Kids and Gender Toolbox

The new White Ribbon toolbox has gone from black and white to rainbow, says manager Rob McCann.

“We’ve teamed up with experts to develop Kids and Gender, for parents and whānau with kids who break gender rules. These kids often get bullied – boys who want to wear nail polish or play with dolls, or girls who refuse to wear skirts and want to play with trucks. Sometimes this means getting picked on at school, or by older siblings, parents or extended families.”

White Ribbon’s kaupapa of working to end men’s violence towards women includes talking about how to challenge ideas about gender that are the breeding ground for unhealthy attitudes and behaviour.

“The new toolbox is really for parents who haven’t yet connected with the Rainbow world, so they can understand what is happening better, and be loving and supportive of their Rainbow children,” says Mr McCann. “It’s a journey my family have been on too, so I feel like I understand some of the questions that come up. White Ribbon is thrilled to offer some support for families like mine.”

Toolbox author, Sandra Dickson, says plain language is important. “One of the things every parent I talk to says is ‘what do all these words mean?’ We also wanted to point parents to all the awesome information out there – from parent supports to takatāpui resources, to groups for young people who are questioning their sexuality or gender.”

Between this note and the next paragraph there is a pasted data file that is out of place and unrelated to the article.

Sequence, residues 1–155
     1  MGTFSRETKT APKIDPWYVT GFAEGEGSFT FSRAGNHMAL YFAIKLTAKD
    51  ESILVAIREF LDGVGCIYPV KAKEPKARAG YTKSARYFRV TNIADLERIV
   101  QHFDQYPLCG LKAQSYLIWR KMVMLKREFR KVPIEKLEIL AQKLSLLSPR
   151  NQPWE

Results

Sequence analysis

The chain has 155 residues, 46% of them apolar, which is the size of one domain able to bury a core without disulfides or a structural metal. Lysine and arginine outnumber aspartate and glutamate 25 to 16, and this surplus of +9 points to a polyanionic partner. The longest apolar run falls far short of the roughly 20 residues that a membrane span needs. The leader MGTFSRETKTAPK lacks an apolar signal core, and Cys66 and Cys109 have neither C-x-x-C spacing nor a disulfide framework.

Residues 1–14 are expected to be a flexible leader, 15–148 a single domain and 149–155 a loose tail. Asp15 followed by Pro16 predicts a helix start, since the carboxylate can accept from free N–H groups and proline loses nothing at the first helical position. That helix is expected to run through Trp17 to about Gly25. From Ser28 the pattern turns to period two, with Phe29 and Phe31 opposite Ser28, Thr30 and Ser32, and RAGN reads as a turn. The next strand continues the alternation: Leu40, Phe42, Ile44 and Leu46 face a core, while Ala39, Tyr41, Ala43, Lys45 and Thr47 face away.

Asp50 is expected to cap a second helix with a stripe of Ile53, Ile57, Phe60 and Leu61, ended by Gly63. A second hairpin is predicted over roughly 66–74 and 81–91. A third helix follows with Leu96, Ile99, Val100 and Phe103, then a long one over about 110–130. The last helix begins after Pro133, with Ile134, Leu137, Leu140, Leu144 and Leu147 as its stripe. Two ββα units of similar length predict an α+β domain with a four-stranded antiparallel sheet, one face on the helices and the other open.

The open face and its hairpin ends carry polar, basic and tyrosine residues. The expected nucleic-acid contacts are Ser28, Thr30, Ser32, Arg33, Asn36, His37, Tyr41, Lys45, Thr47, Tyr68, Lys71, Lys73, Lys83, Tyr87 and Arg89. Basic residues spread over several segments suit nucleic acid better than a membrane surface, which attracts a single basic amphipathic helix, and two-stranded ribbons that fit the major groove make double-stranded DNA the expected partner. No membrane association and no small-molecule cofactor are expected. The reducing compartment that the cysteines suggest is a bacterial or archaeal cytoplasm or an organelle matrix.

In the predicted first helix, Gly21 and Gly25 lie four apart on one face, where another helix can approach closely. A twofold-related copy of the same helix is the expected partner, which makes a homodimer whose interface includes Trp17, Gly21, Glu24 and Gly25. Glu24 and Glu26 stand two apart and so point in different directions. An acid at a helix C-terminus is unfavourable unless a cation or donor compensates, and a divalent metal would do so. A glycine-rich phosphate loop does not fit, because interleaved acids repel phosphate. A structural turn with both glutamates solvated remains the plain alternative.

Author – Sandra-Dickson

Ms Dickson, Hohou Te Rongo Kahukura – Outing Violence project manager, says parents mostly just want to know how to support their kids. “We wanted to help answer their questions and make sure they realise they are not alone. Lots of other parents have worked out how to support their Rainbow kids. And honestly, that’s the most important thing to do as a parent – find support for yourself so you can be there for your children.”

“Some parents get worried about what it might mean when they become aware their child is queer or trans. But your child is still the same person – they have just told you a bit more about who they are.”

Nathan Bramwell, manager at Rainbow Hub Waikato, agrees. “We hear from young people all the time, wanting help to deal with families that are struggling to accept them. It’s pretty tough for parents, they don’t always know what their kids need.”

“We also have parents who come and sit in on our youth groups, just so they can be sure their young person is ok. That’s fabulous, and we’re always happy to see that. We’ve seen from parents that having a safe place for their young people, where they can also get support for themselves is a huge relief.”

“One of the parents who reviewed the resource for us asked if she could send it to her parents, then and there,” says Ms Dickson. “She said they wanted to know how to support their trans grandchild.”

Mr Bramwell is also keen to get Kids and Gender out there. “We will be offering this resource to everyone we can! It’s honestly so good to have information we can give out to parents and families that is positive, and doesn’t treat having Rainbow kids as a problem to solve. Our parents really like talking to other parents too, so it’s great the resource is suggesting parents get support, so they can be there for their kids.”

“It’s great to work with other organisations on this kaupapa, helping families and whānau to be safe and welcoming for Rainbow young people. It’s the work we do every day in our Waikato communities.”

The Toolbox was launched online on Monday 29 November, and the webinar will be available here (soon).



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Checkout our other Toolboxes. While the terminology in the other resources is primarily directed at men or boys, the concepts are universal.

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